You know you have a fuel leak when you see a puddle of gas or smell strong gas fumes coming from your generator. I’ve listed the items to check to help you find the location of the leak.
A Champion generator may begin leaking gas from the carburetor due to a worn carburetor bowl gasket or stuck float. It may also leak from the fuel filter, fuel lines, fuel tank, or fuel shut-off valve.
Always work in a well-ventilated area and allow the generator to cool. Follow the safety precaution found in your Champion operator’s manual.
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Follow all safety instructions provided in your equipment operator’s manual before diagnosing, repairing, or operating. Consult a professional if you don’t have the skills, or knowledge or are not in the condition to perform the repair safely.
This is Where a Champion Generator is Leaking Gas
The carburetor is where a little gas is stored after it leaves the fuel tank. The gas sitting in the carburetor creates varnish that can cause its small parts to stick so it no longer regulates the amount of fuel allowed to enter the carburetor. This can cause it to overflow.
In addition to internal components no longer working right, the carburetor bowl gasket can fail and cause a leak.
Gasket failure in the carburetor bowl
Begin looking at the area of the carburetor where the bowl is attached. Between the carburetor and bowl is a thin gasket that looks like a rubber band.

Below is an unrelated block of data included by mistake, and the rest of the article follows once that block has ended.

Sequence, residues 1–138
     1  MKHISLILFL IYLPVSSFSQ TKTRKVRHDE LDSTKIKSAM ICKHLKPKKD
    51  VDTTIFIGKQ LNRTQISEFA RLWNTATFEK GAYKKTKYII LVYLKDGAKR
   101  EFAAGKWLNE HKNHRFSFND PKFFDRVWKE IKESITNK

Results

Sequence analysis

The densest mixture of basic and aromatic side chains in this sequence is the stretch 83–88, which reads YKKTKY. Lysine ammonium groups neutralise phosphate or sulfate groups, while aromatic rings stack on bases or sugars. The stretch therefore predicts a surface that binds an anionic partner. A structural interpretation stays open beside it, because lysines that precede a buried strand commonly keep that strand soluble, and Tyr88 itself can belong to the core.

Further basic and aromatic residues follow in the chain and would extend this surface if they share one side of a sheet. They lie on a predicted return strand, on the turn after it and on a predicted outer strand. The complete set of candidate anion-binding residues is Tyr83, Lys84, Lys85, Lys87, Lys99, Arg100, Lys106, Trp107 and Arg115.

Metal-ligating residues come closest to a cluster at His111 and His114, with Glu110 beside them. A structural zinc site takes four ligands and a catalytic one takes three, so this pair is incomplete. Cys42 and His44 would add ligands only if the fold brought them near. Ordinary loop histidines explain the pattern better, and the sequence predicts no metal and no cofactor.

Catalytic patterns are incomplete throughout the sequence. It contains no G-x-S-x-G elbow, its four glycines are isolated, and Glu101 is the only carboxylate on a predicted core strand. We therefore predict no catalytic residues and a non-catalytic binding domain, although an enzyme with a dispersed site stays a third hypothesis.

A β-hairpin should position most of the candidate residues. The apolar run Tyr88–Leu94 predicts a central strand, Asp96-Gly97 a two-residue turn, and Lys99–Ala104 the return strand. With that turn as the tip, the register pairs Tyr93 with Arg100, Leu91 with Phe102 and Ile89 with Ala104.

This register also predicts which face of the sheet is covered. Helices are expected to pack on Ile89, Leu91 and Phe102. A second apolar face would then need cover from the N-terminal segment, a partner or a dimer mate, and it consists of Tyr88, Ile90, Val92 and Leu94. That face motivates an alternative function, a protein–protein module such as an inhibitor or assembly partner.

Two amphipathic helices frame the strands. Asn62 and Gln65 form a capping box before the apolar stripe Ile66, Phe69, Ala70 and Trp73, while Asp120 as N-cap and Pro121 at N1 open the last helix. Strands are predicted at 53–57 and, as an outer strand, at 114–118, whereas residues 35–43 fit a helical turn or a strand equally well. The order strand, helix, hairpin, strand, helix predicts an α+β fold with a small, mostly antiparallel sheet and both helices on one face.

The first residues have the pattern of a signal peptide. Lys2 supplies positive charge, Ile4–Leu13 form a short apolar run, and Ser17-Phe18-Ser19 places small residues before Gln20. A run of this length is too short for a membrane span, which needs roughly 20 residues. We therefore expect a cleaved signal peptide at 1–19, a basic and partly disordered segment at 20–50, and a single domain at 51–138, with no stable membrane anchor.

The gasket seals the two pieces to keep gas from leaking. When it no longer seals, gas will seep out of this area.
It is common for this gasket to become hard and brittle over time. Because it is located close to the engine, the gasket heats up when the engine is running and cools down when it is not.
This constant heating and cooling put a lot of stress on the gasket causing it to lose its sealing ability. When you find a leak in this area, it’s time to purchase a new carburetor bowl gasket and install it.
Steps to replace the carburetor bowl gasket:
- Shut off the fuel supply using the fuel shut-off valve. You can also use pinch pliers to crimp the fuel line to stop the flow if your generator doesn’t have a fuel valve.
- Wipe the outside of the carburetor so you don’t allow any dirt to enter the carburetor while removing the bowl.
- Have a rag or small container available to collect any fuel remaining in the bowl.
- The carburetor may have a screw located on the side of the bowl to empty the fuel bowl. If yours does, remove the screw, drain the fuel into a container, and replace the screw. If not, proceed with the next step.
- Remove the screw from the carburetor bowl and remove the bowl.
- Remove the old gasket and replace it with the new gasket.
- Reinstall the carburetor bowl.
- Reinstall the screw to hold the bowl and carburetor together.
- Wipe down the carburetor again to remove any spilled fuel
- Turn on the fuel supply and check for additional leaking from the carburetor.